Painting a chilling Noise of real distortion
Noise, the title of Lehlogonolo Mashaba’s first solo exhibition, investigates memory, remembrance, forgetting and recording as a process in the development of being. Further, it looks at how types of discords and interference affect these processes.
Mashaba, a Joburg-based print maker, uses texts lifted from gathered mobile text messages (SMSes), the Bible and other text from various sources to form his motifs. The collected texts are scanned and manipulated as lines by which the artist draws and creates his form.
Mashaba’s primary focus is the image of the human figure, our central semiotic.
He constructs figures with the collected fragments of words and phrases, lines and shapes.
In other words, Mashaba’s work explores text as the building block of identities.
The visual effect achieved by his technique also makes a comment on the process of knowledge formation itself.
It hints at that transformational process where fuzzy perceptions are processed into viable concepts, the ideas we use to build our knowledge of the world and ourselves.
Like Ayn Rand, the philosopher priestess of free market capitalist thought, puts it in her writings on knowledge called objectivism.
Rand argues that attaining knowledge beyond what is given in perception requires both volition and adherence to a specific method of validation.
It happens through observation, concept formation, and the application of inductive reasoning and deductive reasoning.
Identity or knowledge formation is therefore not automatic; it’s something we arrive at by deliberate processing of information, a process that includes recording, remembering and thinking. However, the introduction of noise into any recording creates problems.
The information being recorded becomes unreliable when it is remembered because of this noise.
This disturbance or fact of unreliability too is part of Mashaba’s fascination.
He defines noise loosely with its common meaning as any unwanted sound.
An imposition that manifests itself as “snow” on a television or video image.
He notes that high noise levels can block, distort, change or interfere with the meaning of a message in humans, animals and electronic communication.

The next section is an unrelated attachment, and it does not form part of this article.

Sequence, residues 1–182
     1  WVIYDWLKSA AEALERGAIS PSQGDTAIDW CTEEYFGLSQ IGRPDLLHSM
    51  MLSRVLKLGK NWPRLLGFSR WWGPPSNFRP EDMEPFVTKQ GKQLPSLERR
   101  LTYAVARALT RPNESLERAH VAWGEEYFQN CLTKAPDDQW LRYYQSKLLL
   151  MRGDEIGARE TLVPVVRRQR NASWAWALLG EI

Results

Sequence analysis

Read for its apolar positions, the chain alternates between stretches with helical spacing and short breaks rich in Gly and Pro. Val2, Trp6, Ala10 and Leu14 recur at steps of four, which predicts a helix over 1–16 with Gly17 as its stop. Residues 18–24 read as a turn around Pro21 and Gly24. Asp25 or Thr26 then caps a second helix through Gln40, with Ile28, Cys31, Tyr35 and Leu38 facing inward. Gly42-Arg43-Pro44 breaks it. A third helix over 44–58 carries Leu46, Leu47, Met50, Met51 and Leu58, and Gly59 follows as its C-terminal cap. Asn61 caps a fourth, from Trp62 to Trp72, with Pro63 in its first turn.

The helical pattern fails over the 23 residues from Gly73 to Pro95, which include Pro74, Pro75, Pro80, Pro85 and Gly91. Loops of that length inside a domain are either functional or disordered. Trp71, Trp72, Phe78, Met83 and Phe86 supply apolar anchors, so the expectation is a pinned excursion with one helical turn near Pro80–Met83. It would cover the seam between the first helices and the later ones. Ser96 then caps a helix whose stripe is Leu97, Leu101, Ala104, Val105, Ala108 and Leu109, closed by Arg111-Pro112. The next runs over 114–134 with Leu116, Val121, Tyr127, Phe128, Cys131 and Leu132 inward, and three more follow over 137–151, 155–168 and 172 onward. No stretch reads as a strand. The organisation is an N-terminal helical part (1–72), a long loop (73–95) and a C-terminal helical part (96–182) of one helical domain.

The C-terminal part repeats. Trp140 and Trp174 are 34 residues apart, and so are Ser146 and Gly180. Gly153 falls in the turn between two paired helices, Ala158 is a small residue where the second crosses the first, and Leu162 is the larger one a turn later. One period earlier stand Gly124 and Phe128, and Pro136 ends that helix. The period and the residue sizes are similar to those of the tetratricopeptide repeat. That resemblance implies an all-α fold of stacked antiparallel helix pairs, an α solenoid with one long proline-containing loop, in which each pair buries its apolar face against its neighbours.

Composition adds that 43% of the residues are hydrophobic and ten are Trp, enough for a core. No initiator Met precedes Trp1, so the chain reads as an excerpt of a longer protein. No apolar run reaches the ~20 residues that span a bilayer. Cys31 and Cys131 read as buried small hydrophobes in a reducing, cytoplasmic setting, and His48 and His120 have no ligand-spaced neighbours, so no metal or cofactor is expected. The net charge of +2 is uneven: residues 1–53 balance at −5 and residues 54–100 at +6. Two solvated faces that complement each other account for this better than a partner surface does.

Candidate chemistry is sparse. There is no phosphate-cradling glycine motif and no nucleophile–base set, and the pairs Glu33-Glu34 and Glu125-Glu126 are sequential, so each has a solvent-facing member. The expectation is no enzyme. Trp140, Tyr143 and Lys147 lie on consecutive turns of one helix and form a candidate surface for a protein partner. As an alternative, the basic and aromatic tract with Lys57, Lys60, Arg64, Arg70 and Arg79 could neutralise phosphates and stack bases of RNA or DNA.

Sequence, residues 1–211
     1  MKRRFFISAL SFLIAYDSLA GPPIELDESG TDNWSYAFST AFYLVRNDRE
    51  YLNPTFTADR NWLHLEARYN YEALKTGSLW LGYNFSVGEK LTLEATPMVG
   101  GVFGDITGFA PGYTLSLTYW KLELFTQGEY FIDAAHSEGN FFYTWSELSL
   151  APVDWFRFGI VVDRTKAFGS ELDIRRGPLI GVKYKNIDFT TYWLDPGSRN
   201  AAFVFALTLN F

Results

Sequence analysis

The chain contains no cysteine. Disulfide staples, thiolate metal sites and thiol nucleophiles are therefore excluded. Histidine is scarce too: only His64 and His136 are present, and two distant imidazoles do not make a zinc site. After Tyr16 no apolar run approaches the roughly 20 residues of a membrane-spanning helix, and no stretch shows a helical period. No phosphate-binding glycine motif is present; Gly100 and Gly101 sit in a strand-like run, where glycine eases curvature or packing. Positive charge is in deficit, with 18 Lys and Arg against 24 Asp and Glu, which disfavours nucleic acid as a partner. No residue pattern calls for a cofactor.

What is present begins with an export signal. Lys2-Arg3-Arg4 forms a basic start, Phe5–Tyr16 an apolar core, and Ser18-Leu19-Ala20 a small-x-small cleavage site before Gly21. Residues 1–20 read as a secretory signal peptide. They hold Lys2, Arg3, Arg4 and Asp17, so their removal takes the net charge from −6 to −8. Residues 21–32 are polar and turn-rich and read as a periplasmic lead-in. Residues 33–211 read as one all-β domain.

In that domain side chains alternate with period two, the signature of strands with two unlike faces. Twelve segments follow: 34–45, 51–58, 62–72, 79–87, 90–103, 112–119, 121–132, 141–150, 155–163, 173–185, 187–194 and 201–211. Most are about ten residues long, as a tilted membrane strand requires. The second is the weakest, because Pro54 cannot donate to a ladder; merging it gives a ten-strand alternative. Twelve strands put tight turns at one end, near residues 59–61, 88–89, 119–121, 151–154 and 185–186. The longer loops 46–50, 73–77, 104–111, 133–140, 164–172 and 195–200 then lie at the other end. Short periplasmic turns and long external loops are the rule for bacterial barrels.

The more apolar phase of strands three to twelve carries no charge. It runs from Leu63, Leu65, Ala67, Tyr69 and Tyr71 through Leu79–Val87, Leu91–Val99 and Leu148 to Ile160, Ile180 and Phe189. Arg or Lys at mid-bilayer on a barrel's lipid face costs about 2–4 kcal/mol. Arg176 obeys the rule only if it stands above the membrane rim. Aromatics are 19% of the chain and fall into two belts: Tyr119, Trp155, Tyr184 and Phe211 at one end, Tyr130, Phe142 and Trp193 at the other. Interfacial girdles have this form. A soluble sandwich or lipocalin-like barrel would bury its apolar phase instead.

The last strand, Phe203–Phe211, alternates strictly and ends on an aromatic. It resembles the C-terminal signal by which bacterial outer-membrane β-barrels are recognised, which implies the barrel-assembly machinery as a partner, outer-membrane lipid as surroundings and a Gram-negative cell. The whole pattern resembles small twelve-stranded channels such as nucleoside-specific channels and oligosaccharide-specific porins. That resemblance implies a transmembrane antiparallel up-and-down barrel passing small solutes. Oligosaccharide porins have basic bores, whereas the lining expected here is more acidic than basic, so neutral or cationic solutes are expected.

So he tries to represent this distortion in his work.
Noise as visual interference, or screen snow is best represented in the prints that form part of his Origins Series.
The pictorial play of horizontal lines against the layered vertical marks of a standing figure recreates the likeness of a distorted television screen shot.
The introduction of noise into the cognitive process means knowledge creation becomes faulty too.
Mashaba has been quoted as saying: “We are figures who are dependent on knowledge and learning to make us whole and able to relate to our lives, communicate and identify things. Should the information we learn get distorted, then we run the risk of losing the original content and thus unable to make sense of things.The confusion will then manifest itself as juxtaposed letters against portraits obscuring a clear view.”
The 29-year-old artist is a Funda Centre alumni and a former collaborative printer specialising in intaglio, relief, monotype and silkscreen at Artist Proof Studio. He assisted in printing works for established artists such as Marcus Neustetter and Sandile Goje.
Mashaba’s figures are as graceful as his lines, and compositions are elegant and considered. He uses texture by embossed printing and paper layering.
» Noise by Lehlogonolo Mashaba is on at Artspace in Rosebank, Joburg, until March 2 2013